Well, what do we expect, Cleveland is a football town!! Baseball is an afterthought. If it wasn’t for the Browns leaving, the Indians would not have been so popular in the mid 90s. This theory is thrown around with more regularity than a laxative. Yet, there is not a shred of evidence to link the Indians attendance to the Browns attendance. Since the Browns have been back in 1999, the Indians had massive attendance in the first 4 years of the Browns return. Starting at 3.45 million per year in 1999 and dropping to a still massive 2.62 million in 2002. What happened, did the fans take 4 years to get “used to” the Browns again?? And why did the Indians draw 2.84 million fans in 1995?? The Browns were still in town. The answer is simple and blows this “Browns Town” theory out of the water. The fans of Cleveland are not idiots. They can tell when a franchise is worth watching or rooting for and when they are not. They might miss by a year or so sometimes, but the Cleveland fans will pay money for a winning franchise or one that they perceive to be striving toward that goal. Since there is no evidence that Cleveland fans are unwilling to spread their money around to all 3 major sports when worthy, I don’t think the Dolans can find solace that their failing brand is based on their being trapped in a football town.

So if it isn’t that baseball is failing …. And if it isn’t that Cleveland fans can’t support the Indians because the Browns exist ….. It must be that, well….. , the darn stadium is getting weathered and we don’t have a stand up open bar in the outfield where people can stand and converse and drink with their family, coworkers and friends. Or we need a larger play area for kids so that the parents and child can avoid the game as much as humanly possible. Who wants to sit in the stands and watch the actual game anyway?? On the first point, I don’t drink at the ballpark because it is too damned expensive. But I don’t object to those who want a drink. And I have two grandchildren ages 3 and 5. They sit in the stands EVERY game we go to and watch the game and the players and the scoreboard and cheer every home run and every run. They laugh and know the players names and their batting stances. Now that might have something to do with my daughter and son-in-law both being diehard Indian fans but who knows. My point here is that, while any enhancements made to Progressive field might be nice, the ballpark is certainly not the problem here. So the big hoopla around the stadium enhancements that we won’t have to pay for (actually being paid by the concession company – what does that tell you?) is nothing more than a smokescreen for the real problem with the attendance there.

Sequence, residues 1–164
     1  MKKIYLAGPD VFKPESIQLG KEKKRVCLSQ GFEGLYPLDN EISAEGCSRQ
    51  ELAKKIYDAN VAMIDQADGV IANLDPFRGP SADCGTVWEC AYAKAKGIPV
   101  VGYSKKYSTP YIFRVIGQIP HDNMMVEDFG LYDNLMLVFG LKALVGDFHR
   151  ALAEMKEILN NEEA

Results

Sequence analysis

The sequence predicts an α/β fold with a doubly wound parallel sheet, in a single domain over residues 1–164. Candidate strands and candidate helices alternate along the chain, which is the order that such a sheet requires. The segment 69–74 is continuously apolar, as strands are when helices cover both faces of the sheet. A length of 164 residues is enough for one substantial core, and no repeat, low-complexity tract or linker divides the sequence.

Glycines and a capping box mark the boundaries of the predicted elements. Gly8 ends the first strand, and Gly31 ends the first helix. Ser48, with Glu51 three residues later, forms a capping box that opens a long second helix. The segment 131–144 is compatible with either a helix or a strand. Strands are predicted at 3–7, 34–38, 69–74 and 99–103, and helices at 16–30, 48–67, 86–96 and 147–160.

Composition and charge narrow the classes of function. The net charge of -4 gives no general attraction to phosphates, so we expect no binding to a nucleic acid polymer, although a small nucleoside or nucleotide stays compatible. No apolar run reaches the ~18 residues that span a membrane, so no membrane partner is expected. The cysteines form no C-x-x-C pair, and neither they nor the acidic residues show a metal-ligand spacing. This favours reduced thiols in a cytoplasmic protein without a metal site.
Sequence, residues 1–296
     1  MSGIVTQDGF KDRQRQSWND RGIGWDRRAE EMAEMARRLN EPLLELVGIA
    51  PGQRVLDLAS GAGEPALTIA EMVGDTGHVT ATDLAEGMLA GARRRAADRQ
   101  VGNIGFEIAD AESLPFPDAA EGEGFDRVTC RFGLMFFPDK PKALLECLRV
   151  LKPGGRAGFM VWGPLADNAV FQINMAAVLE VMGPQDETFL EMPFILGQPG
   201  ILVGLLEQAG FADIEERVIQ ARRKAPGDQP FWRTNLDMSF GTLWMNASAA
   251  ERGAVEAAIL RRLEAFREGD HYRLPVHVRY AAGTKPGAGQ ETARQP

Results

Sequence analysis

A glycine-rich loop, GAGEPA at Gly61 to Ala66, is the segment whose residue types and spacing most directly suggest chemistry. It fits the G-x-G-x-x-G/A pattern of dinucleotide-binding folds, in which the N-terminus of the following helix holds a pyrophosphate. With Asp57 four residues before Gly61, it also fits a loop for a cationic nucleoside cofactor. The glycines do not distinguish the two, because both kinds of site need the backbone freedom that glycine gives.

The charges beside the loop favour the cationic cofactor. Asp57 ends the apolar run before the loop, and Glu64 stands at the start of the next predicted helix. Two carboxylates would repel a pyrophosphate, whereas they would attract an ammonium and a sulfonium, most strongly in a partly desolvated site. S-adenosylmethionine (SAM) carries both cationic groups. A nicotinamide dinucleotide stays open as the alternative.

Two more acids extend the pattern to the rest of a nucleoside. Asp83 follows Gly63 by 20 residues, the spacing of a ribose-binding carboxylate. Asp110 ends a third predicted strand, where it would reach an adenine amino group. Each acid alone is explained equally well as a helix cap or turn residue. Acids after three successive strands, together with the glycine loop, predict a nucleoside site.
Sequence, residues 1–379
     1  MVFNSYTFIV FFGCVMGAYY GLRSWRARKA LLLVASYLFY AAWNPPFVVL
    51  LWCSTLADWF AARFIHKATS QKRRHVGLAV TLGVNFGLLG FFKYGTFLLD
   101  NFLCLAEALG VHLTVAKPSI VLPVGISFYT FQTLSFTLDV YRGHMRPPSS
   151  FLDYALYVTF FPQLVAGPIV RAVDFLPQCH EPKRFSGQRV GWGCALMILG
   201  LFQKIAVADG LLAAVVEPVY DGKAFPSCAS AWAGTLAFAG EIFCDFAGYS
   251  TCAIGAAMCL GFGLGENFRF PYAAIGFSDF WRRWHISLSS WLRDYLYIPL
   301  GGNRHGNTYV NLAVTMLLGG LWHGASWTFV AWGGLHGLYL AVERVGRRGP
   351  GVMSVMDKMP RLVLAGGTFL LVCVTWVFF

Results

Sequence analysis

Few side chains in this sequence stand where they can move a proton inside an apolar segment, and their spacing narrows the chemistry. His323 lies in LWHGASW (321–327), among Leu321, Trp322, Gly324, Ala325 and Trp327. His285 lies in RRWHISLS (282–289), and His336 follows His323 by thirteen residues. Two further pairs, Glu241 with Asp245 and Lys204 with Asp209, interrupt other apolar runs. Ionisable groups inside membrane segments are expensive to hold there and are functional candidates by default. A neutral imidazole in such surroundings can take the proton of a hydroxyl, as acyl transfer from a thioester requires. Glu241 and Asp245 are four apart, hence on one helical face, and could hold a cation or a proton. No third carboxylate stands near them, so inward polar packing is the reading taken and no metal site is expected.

You know, I never really thought baseball was dying or the Browns existence lowers Indian’s attendance or the stadium was a problem , WE ALL KNOW it is the depressed economy in Ohio and the Cleveland area. Well, while the economic changes after 2007 certainly took a dire toll on Cleveland, it didn’t seem to correlate with Tribe attendance all that well. Between 2003 and 2008, the Indians averaged about 2 million per season. Low was 1.7 million and high was 2.3 million. In 2009, the year of by far the largest scare when the stock market crashed to an ominous low in March, the Indians drew 1.77 million. In 2011, they drew 1.84 million. Right now the Indians are sitting at about 1.32 million with about 6 home dates remaining. If they draw at their current pace, which might be a pipe dream, they will end up at around 1.43 million. That will be the SECOND LOWEST ATTENDANCE SINCE 1992 !!! Topped only by 2010 which was 1.39 million. This is exactly 1 year after the team had a dramatic season ending rally and somehow got into the wild card game by winning 92 games! During years that the Cleveland and National economy is clearly improving, 2011 to 2014, the Indians attendance has been 1.84, 1.60, 1.57 and now 1.43 million. Throw a 92 win season in the middle of those years (2013) and you still have a progressively declining attendance that doesn’t correlate to the economy, the condition of the ballpark, the popularity of the Browns, or the popularity of baseball. In my next installment, we will begin to explore deeper into the current state of the Indians and what, if anything, can stop the free fall.